Billionaire and convicted sex offender Jeffrey Epstein was arrested Saturday and could finally face federal charges for years of allegedly recruiting underage girls in a sort of sex abuse pyramid scheme.
Because of his money and influence, Epstein had eluded federal prosecution, spending only a year in a county jail, with no opportunity for his dozens of victims to pursue justice. That might be about to change — and it may have implications for the Trump administration.
The new indictment reportedly will be unsealed Monday in a federal court in Manhattan, where Epstein will be charged with one count of sex trafficking of minors and one count of conspiracy to engage in sex trafficking of minors, for which the 66-year-old could face a maximum of 45 years in prison.
As the Miami Herald reported in a massive exposé last year, Epstein recruited girls age 13-16, offering to pay them for massages, but he would instead sexually abuse them. He would only offer to let them keep the money without having sex if they went out and recruited other girls. He would also shuttle the girls on his private jet between his homes in Palm Beach, New York City, New Mexico, and the Virgin Islands.
When Epstein first faced charges for these crimes a decade ago, his lawyers engineered a “non-prosecution agreement” that not only spared him federal prison, but also concealed the extent of his crimes and offered immunity to “any potential co-conspirators.”
The plea deal also notably included an arrangement not to inform the victims about it — in violation of federal law. This denied them the opportunity of objecting to the deal and pursuing justice for themselves. Epstein served only 13 months in a county jail on two minor state charges of solicitation of prostitution and procurement of minors for prostitution.
The prosecutor who agreed to such generous and illegal terms was Alex Acosta, who now serves as President Donald Trump’s secretary of labor. Among the lawyers who defended Epstein was stalwart Trump defender Alan Dershowitz, who has also been accused of having sex with one of the underage girls in Epstein’s ring.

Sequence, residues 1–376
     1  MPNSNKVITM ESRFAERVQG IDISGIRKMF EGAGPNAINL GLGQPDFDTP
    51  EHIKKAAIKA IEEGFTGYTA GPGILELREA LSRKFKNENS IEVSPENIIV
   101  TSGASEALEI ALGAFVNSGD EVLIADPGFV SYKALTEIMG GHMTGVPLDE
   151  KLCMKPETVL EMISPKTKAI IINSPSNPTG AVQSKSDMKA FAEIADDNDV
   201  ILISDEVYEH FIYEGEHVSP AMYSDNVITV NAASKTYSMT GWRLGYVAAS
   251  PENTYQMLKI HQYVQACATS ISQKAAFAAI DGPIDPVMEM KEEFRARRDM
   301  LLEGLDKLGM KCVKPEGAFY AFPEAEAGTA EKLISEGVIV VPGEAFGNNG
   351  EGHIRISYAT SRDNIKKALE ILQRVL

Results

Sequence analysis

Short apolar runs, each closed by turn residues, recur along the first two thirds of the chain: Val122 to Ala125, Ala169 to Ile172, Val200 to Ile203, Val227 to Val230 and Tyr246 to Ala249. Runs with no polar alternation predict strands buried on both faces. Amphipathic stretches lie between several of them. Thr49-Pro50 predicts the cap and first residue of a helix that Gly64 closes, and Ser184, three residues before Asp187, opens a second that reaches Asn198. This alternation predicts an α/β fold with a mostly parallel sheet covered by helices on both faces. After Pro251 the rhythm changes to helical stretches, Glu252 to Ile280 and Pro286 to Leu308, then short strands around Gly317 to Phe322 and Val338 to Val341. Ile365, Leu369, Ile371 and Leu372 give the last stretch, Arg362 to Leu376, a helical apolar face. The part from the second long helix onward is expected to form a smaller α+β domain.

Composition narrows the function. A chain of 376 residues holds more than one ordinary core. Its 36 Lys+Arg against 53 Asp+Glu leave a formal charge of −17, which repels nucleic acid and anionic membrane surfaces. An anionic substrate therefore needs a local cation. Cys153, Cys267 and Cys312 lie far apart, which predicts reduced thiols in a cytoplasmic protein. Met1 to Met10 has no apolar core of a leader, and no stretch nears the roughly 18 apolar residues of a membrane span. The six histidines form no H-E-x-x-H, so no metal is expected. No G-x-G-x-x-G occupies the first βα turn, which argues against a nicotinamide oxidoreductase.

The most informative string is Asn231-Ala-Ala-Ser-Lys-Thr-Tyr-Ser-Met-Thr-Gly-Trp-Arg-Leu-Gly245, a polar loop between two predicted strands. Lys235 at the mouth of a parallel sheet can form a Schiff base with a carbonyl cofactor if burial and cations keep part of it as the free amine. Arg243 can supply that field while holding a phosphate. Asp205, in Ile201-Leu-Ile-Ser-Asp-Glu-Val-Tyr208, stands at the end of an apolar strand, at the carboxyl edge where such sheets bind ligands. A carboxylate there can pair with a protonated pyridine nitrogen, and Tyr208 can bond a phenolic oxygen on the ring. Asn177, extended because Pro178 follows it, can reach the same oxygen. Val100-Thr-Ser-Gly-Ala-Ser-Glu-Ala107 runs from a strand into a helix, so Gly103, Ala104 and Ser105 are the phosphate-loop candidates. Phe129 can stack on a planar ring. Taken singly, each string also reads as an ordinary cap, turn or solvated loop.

Back in February, a federal judge ruled that the agreement Acosta had brokered had violated the Crime Victims’ Rights Act. A group of Democratic lawmakers responded to the ruling by calling for Acosta to resign, though he has not. Epstein’s victims began a new effort to seek justice in the wake of that ruling, but just two weeks ago, the Justice Department rejected efforts to toss out the illegal plea deal.
The new charges in New York, however, could be an opportunity to properly prosecute Epstein for his crimes. Additionally, the U.S. Court of Appeals for the Second Circuit ruled last week that the court records from Epstein’s previous indictment could all be unsealed, meaning ample light might finally shine not only on Epstein, but on the network of staffers who assisted him in organizing his alleged sex trafficking ring, as well as possibly others who made use of it.
Among Epstein’s friends was Trump himself. In a 2002 interview, Trump praised Epstein as a “terrific guy” who’s “a lot of fun to be with.” He added, “It is even said that he likes beautiful women as much as I do, and many of them are on the younger side. No doubt about it: Jeffrey enjoys his social life.” Trump was recently accused of sexual assault by writer E. Jean Carroll, which is at least the 16th of such accusations.
A source familiar with the charges told the Miami Herald that Epstein’s fate could be determined entirely based on whether he’s granted bail Monday. “That bail hearing will be critical because if they grant him bail, he has enough money that he will disappear and they will never get him,’’ the source said.
This story has been updated to clarify the allegations against Epstein.